A swarm in May
Is worth a load of hay.
A swarm in June
Is worth a silver spoon.
A swarm in July
Isn't worth a fly.
As is usual our seasons are not the same as depicted in most books, so perhaps a swarm in March is worth, let's see. . . What rhymes with March that is as good as a silver spoon???
Having a husband who will come and climb the shaky ladder with gigantic pruners, hang onto the branch loaded with bees with one hand while bracing the loppers against his body to make the cut, maintain control when the ladder starts sinking into the wet hill, and then successfully hive the swarm is priceless.
Anyway, because the wind was blowing so hard, K and I had to wait and chase the swarm for a long time. As soon as they looked as if they were going to settle a huge gust of wind would blow, the bees would change their minds, and we would wait and watch, watch and wait, wait and watch.
Once they finally settled in a fir tree branch that was hanging over the edge of a hill, we called Mr. W. We share bee keeping duties, and since these bees came out of that persnickety hive that has given me trouble in the past, I decided this swarm was his. Wasn't that nice of me?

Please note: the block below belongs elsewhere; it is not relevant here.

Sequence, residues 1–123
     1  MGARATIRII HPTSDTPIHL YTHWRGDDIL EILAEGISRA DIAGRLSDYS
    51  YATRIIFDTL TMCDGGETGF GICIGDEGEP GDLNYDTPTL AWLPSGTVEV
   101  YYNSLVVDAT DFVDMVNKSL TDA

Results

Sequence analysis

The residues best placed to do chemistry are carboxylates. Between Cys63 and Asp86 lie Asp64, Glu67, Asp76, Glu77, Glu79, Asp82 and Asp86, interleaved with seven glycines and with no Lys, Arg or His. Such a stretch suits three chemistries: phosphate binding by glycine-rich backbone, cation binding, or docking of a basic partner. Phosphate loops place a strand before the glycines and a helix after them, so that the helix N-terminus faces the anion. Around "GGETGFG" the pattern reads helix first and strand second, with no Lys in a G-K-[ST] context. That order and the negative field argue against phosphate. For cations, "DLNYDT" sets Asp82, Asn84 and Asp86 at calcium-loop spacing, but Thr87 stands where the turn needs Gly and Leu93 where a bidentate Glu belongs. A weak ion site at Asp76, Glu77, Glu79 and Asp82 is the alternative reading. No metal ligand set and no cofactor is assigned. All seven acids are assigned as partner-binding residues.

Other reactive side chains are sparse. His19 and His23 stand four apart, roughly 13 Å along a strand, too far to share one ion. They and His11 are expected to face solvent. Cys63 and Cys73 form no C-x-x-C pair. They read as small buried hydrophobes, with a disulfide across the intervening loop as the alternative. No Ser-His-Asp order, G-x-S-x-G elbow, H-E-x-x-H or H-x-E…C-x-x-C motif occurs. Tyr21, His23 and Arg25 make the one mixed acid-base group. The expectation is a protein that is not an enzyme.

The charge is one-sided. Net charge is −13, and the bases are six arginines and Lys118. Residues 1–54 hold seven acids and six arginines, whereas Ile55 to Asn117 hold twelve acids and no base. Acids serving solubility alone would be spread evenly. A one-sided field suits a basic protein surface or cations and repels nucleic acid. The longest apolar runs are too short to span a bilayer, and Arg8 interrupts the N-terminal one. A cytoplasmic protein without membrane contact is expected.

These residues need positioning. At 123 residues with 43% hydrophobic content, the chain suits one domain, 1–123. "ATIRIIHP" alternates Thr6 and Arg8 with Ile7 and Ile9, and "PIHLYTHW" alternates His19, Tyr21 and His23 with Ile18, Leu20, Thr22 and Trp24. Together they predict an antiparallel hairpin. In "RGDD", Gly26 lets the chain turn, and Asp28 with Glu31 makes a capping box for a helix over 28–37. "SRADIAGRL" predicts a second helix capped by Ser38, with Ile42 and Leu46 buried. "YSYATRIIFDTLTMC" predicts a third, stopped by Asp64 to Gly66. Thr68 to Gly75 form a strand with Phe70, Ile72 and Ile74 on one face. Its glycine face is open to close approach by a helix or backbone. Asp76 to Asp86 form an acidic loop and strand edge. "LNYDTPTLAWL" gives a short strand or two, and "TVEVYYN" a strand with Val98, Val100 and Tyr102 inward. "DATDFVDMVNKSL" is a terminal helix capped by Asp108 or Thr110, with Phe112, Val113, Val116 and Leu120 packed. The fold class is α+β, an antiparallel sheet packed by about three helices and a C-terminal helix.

Before you think I'm mean, let me assure you that bees don't normally sting during swarming. I suppose they don't really have anything to protect. I took that first picture without a zoom lens and without a bee bonnet. K took the rest. We never donned our beekeepers suits.
While I did have a hive built and painted, it was no where close to being ready for bees since it was in the shed with no frames. While Mr. W captured the swarm, I got the box ready and decided where to put it. With a swarm from one of our hives, we need to make sure the new hive placement was not too close to the mother hive. I don't like drifting bees who jump from hive to hive, so I make sure to place the new hive well away so there is no confusion.
Once you set your location and get your hive placed, add about six frames (not all ten) so that you will have room for the bees. Sprinkle the bees with water so they won't fly, then shake them in the hive.
Close the hive, reduce the entrance.
Now all there is to do is to keep a close watch and provide sugar water until they build out the first level of wax foundation and start laying and putting aside honey.